Best of the Bay ‘Toons

Bay Area Animation at PFA (Aug 24 & 28)

The Bay Area has a long history of artists creating exceptional animation. Two programs will showcase the unique visions and rich imaginations of animators who work or have worked locally. Enjoy their humor, journey into wonderful worlds, and even ponder a statement or two about the human race. We think you will agree that Bay Area animators rank right up there with the most creative minds in cinema. Programmed by ASIFA-SF president Karl Cohen and Kathy Geritz.

Wed, August 24, 7 pm, Bay Area Animated Films from the 20th Century
Thank You Mask Man (Jeff Hale, John Magnuson, 1968); Quasi at the Quackadero (Sally Cruickshank, 1975);  In Plain Sight (Jane Aaron, 1977); Furies (Sara Petty, 1977); Two Spaces (Larry Cuba, 1979); Malice in Wonderland (Vince Collins‚ 1982); Ga (Stephanie Maxwell, 1984); Luxo Jr., (John Lasseter, 1986); Dance of the Stumblers, (Steve Segal, 1987); Paradisia (Marcy Page, 1988); Eights (Seth Olitzky, 1993) and Canhead, (Tim Hittle, 1996 [Oscar nomination]).

Sunday, August 28, 7 pm, Bay Area Animated Films from the 21th Century
Extreme Man and Insane Boy
, (Webster Colcord, 2001); Fetch (Nina Paley, 2002); The Hunger Artist, (Tom Gibbons, 2002); Hide and Seek (Charlie Canfield‚ 2005);  Los ABCs (John Jota Leanos, 2005);  Doxology (Michael Langan‚ 2007); Loom (Scott Kravitz‚2006); Fu-De (The Brush) (Charlie Corriea, 2010);  No Robots (Kimberly Knoll and Yung-Han Chang‚ 2010); Pirate Scum, (Patrick Lakes, 2010); and Enrique Wrecks the World (David Chai, 2010).  Plus see Prehistoric Poultry (1916), by the Bay Area’s first great animator, Willis O’Brien (King Kong).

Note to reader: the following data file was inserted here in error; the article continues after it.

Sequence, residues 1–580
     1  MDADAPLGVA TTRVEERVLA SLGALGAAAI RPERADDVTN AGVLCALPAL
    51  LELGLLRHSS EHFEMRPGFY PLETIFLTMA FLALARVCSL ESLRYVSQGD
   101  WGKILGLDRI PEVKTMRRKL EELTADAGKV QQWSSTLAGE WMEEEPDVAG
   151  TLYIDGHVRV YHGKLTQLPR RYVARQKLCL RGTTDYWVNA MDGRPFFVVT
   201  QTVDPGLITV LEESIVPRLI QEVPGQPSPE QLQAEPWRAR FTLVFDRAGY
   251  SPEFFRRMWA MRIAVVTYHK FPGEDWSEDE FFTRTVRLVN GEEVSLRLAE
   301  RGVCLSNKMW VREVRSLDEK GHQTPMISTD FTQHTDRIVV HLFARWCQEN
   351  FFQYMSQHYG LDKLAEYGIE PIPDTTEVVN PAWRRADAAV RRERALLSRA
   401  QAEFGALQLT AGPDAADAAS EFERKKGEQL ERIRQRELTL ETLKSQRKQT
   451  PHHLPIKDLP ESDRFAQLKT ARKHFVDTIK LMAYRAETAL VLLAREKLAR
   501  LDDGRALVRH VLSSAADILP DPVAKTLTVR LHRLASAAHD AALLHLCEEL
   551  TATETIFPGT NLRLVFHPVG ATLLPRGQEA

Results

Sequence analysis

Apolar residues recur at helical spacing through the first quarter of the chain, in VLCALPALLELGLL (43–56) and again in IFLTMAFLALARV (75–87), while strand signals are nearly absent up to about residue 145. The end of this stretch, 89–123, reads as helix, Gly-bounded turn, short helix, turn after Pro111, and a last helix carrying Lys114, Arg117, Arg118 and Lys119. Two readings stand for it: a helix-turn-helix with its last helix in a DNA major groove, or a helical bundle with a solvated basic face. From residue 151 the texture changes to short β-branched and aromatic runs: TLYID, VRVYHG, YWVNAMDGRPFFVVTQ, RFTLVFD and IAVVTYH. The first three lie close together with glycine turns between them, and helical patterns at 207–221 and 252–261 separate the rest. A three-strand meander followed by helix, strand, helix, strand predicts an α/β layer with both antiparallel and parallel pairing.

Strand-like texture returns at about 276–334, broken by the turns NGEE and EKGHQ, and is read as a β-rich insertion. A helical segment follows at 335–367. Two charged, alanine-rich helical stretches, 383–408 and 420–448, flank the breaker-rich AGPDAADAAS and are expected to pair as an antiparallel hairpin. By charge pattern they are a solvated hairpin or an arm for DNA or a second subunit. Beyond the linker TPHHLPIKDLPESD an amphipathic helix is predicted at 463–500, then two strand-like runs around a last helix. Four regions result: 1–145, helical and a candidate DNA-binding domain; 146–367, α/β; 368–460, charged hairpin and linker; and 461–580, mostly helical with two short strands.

For tickets and more information, visit the PFA Website.

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One Response to Best of the Bay ‘Toons

  1. K.C. says:

    For those of you who missed seeing your work screened, you missed another impressive event as the audience was larger, just as appreciative as the crowd on Wed. night (every film got applause and they laughed in the right places), the projection and sound excellent and to top it off 6 animators took part in the Q & A. People remarked that both nights were filled with a rich varierty of high quality productions.

    After the Q & A 15 of us adjourned to the only place open after 10 on a Sunday night, an Indian restaurant. The conversations were much better than the OK food. When we left a lot of “lets stay in touch” comments were made. I think some positive networking/friendships took place and hopefully some will last.

    The artist present were Paul Naas, Charlie Correa, Tom Gibbons (and a daughter with a big Tigger stuffed toy from Winnie the Pooh), Webster Colcord, John Jolta Leanos, and Patrick Lake. Webster had been working in the Boston area, but now is working in LA on the same project (he left for LA after the Q & A as he was needed at work Mon.).

    In the Q & A all the questions were intelligent except one and that one was directed at me. An old hippie in the theatre asked me to explain Michael Langan’s Doxology. Fortunately I had looked up the word years ago so I gave him an intelligent answer and suggested he consult a member of the Catholic faith for further info.

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